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Which foods contain carnosine?

Updated March 23, 2017

Carnosine--otherwise known as l-carnosine--is an amino acid that occurs naturally in the human body. Carnosine is an antioxidant that is thought to help boost energy and help strengthen the body's muscles. Carnosine supplements are very popular; however, carnosine can be found in all protein foods.

Theories/Speculation

L-carnosine has been used for many years as an energy enhancer, particularly among athletes. Its properties as an antioxidant are believed to be effective in fighting various kinds of cancer. Recently, carnosine has been turned to as an anti-ageing ingredient; people frequently look for foods containing carnosine in order to take advantage of the health benefits it offers.

Considerations

Carnosine is a naturally occurring amino acid. It is particularly abundant in young people. As people age, the level of carnosine in their bodies tends to decrease. People who don't consume enough protein in their daily diet run a higher risk of having insufficient levels of carnosine in their body. Therefore, the elderly and people with limited sources of protein in their diet should work to consume more carnosine-rich foods.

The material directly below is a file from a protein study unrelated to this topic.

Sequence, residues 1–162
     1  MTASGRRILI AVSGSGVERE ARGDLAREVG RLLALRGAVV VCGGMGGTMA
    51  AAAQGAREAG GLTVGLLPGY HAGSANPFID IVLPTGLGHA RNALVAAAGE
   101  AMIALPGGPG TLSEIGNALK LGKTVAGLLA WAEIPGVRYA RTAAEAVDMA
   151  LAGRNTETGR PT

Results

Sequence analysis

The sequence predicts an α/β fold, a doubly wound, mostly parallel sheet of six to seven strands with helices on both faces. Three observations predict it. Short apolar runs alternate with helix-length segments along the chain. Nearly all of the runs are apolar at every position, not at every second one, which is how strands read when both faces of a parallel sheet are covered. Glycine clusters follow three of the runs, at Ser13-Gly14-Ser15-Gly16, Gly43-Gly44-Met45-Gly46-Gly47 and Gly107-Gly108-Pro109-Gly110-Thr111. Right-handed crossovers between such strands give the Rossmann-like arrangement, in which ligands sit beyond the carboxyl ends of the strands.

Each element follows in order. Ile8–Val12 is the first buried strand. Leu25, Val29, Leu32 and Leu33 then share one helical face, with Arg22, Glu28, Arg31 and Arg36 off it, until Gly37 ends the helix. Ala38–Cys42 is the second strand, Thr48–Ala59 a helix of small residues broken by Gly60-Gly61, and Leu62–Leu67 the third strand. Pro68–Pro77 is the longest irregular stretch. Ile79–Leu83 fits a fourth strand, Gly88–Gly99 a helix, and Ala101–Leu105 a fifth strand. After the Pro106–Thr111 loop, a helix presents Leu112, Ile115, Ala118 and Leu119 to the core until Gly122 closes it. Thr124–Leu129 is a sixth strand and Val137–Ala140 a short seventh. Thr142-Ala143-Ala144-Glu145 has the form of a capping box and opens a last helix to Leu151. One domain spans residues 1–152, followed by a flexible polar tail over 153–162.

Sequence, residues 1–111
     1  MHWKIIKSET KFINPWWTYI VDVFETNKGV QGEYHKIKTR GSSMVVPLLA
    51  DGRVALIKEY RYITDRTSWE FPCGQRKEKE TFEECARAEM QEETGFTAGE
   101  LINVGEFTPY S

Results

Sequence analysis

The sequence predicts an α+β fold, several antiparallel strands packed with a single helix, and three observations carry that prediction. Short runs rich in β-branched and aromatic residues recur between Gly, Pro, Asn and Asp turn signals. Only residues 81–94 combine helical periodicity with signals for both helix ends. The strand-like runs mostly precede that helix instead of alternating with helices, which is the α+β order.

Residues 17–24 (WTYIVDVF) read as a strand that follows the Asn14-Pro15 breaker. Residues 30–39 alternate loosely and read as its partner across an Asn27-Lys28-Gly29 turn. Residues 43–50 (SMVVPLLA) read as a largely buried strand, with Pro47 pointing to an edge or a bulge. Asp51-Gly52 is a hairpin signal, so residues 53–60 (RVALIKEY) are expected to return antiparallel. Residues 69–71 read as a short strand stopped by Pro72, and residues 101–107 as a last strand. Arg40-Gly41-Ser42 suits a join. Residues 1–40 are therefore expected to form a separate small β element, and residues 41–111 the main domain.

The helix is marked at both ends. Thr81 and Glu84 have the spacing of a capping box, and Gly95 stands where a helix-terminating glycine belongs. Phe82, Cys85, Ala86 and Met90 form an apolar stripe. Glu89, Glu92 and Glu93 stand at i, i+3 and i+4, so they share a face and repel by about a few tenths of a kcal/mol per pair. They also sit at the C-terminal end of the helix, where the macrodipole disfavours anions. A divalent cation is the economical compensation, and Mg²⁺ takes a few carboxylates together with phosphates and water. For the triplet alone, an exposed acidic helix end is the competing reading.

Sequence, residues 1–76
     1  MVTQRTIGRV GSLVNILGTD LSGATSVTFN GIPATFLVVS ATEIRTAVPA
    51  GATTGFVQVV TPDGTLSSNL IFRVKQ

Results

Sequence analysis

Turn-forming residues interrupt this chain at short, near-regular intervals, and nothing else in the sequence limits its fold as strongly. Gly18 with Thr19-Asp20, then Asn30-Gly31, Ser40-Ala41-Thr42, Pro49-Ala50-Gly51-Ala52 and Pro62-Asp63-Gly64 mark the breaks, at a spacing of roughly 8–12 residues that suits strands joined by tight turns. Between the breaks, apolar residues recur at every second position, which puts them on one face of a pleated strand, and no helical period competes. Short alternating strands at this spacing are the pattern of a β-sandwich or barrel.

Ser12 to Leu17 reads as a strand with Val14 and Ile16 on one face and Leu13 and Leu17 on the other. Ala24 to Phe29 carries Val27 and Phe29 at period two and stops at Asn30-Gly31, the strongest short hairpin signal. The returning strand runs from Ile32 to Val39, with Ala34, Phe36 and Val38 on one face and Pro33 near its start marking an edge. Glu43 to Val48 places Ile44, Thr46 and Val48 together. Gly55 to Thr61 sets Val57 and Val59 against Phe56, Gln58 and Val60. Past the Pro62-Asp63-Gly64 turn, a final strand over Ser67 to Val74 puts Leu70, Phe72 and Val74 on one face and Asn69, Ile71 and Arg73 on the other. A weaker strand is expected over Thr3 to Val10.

Function

Carnosine is primarily found in the muscles, brain and other nervous system tissues of the human body. It's believed to protect and stabilise cell membranes within the body. Carnosine also appears to protect various kinds of tissues as well, making it a very integral part of a healthy body.

Food Sources

Carnosine is very abundant in protein-rich foods. Some common examples of such foods include milks, eggs and cheese. However, the best food sources of carnosine include beef, poultry and pork products. People who want to increase their carnosine consumption should focus on eating more food from these categories.

Supplements

People who may not have enough protein-rich foods in their regular diets--such as vegetarians--often need to take dietary supplements in order to achieve adequate levels of carnosine on a regular basis. Although many protein foods contain carnosine, a strict vegetarian diet might make eating such foods impossible. In such cases, a person should find a supplementary source of carnosine.

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About the Author

Meaghan Ringwelski is a professional freelance writer. She's been writing for more than five years and has contributed to many websites. Currently, Meaghan is a contributing editor for Dimensions Weekly and also ghost writes blogs for many regular clients.